Jevanto Productions - stock.adob
Mobile network operator EE has officially turned on its 5G mobile network – the UK’s first consumer-facing 5G service – in Belfast, Birmingham, Cardiff, Edinburgh, London and Manchester, but with limited service availability and improvements to the potential availability, capacity and speed of 4G networks still in the works, the message from industry observers is that there is no rush to upgrade.
At launch, EE said the first customers to use the network should see an increase in speed of 100-150Mbps, with some likely to be able to break the 1Gbps milestone right away. By comparison, the fastest speed possible over 4G on its launch day seven years ago was 50Mbps.
Early adopters will also be able to choose from a wider-than-expected range of devices, including smartphones from LG, OnePlus, Oppo and Samsung, although Huawei devices have been dropped over concerns arising from the US ban on the supplier, which has caused Google to drop it from the Android ecosystem. However, EE will include a non-Android Huawei home broadband router in its 5G line-up.
The operator has also launched new 5G plans, including swappable benefits – two per customer – that include packages with BT Sport access, data passes for gaming, music or video, and international roaming.
EE formally switched on the network in London on the evening of Wednesday 29 May with a 5G-powered concert from platinum-selling artist Stormzy on the banks of the River Thames. Audiences in the other launch cities were able to watch via virtual reality (VR) headsets.
“Big up EE, thank you for letting me launch your 5G network in the UK,” said Stormzy. “Tonight was sick – I’m honoured to be part of history.”
Marc Allera, CEO of BT’s consumer business, said: “We wanted to mark the arrival of the UK’s first 5G network with something spectacular. Tonight, we made history, not only by becoming the first network to launch 5G in the UK – but using 5G to live stream this event to thousands of fans across the UK. Stormzy lit up the Thames and his fans’ faces with the energy, passion and charisma that he always brings to his live shows.”
Besides 5G enthusiast Stormzy, the BBC has also been testing out the network, using it to support a live video feed during a report from a separate launch event shown on TV on the morning of 30 May.
The BBC would usually need multiple connections over a 4G network in order to return content to its studios, but over the 5G network, it needed just one.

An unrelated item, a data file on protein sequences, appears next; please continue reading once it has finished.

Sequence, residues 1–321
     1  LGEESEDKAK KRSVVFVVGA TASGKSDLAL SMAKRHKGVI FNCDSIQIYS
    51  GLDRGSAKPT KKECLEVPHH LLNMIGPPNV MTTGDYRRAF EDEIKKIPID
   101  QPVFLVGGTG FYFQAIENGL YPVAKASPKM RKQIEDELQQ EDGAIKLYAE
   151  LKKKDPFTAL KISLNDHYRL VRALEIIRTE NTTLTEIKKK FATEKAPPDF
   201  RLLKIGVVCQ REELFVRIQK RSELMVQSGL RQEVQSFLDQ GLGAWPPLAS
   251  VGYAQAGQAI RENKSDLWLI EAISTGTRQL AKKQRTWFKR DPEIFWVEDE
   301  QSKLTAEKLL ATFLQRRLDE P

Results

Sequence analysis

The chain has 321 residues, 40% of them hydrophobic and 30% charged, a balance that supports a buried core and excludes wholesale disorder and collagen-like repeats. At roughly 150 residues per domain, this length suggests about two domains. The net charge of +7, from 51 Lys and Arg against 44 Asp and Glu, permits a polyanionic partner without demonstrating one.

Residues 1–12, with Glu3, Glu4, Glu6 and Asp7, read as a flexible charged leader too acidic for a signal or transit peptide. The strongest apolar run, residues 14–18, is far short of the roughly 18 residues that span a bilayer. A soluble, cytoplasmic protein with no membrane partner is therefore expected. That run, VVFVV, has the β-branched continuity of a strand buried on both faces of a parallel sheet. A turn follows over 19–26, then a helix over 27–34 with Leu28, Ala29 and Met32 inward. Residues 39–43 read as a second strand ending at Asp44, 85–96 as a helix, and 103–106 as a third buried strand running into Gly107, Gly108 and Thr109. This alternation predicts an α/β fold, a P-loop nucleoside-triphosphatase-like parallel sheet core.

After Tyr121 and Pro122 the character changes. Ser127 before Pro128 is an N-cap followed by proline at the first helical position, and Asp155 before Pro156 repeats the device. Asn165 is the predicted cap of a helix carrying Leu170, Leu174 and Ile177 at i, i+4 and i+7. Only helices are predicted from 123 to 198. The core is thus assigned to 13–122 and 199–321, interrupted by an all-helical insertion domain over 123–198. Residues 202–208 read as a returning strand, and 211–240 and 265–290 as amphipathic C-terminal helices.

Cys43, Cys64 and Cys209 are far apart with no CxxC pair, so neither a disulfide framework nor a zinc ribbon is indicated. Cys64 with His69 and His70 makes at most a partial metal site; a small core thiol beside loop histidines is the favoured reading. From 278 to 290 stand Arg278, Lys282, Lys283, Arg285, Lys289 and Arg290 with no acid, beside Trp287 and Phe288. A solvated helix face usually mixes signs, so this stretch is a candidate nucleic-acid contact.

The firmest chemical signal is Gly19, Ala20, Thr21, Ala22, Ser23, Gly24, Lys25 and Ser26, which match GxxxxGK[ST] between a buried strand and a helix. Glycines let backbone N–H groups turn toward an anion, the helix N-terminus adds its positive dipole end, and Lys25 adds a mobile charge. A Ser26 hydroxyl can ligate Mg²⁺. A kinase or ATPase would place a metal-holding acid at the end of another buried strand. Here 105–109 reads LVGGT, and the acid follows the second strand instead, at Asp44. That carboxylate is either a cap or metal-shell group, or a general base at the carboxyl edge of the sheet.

It connected specialised 5G modems to its cameras to transmit footage from Covent Garden back to its New Broadcasting House news studios in central London, and explored a variety of encoding options to compress the video.
“This is an excellent example of how the BBC experiments with cutting-edge technology to improve how we make programmes,” said Matthew Postgate, BBC chief technology and product officer. “5G is a hugely interesting area for us to explore, with potential to reduce the cost and complexity of outside broadcasts, and as a way of delivering content to audiences in the future.
“The internet will play a bigger role in broadcasting and we are pioneering the techniques, standards and ways of working to truly take advantage of it.”
Read more about 5G
- Local authorities must do more to facilitate the roll-out of next-generation 5G mobile connectivity, a study finds.
- With private 5G networks, enterprises can expect a wireless local area network-type architecture that addresses the limitations of Wi-Fi, says top Commscope executive.
- With 5G mobile networks edging closer to reality, GSMA Intelligence’s Matthew Iji looks ahead to consider how the technology will be adopted between now and 2024.
However, with most of the UK not covered by 5G and unlikely to be for some time – and many of the 5G use cases around automation and the internet of things (IoT) not really applicable to consumers anyway – observers have questioned the need for users to sign up for 5G just yet.
Among them was IEEE fellow William Webb, who said he saw something of a rush among operators to claim 5G leadership, which unfortunately was resulting in “premature launches”.
“Initially, coverage will be very patchy – some areas in city centres may have a good connection, but little elsewhere,” said Webb. “For many, there may be no 5G coverage where they live and work for many years.
“The only real benefit here is that 5G networks will be virtually empty, allowing congestion-free communications. This is a big advantage when you consider places such as Waterloo, King’s Cross or other mainline train stations.
“While lower congestion is a valuable benefit, there is no sign of the services or applications that will deliver the well-documented changes to the way we live and work that some have promised.”
Alex Tofts, an analyst at service comparison site Broadband Genie, said there was no reason for most people to buy a 5G device yet.
“Coverage will remain limited for some time, and the cost of being an early adopter is high,” he said. “Once more networks deploy 5G and coverage improves, the cost will fall as competition rises.
“But while the potential of 5G is exciting, we can’t forget that UK network operators still have an obligation to provide 4G signal to 95% of the UK by 2022.
“5G has a lot of promise, but the operators should not lose focus on ensuring that coverage for existing technology continues to improve, especially in rural locations where mobile broadband can be used to plug the gaps in fixed-line broadband access.”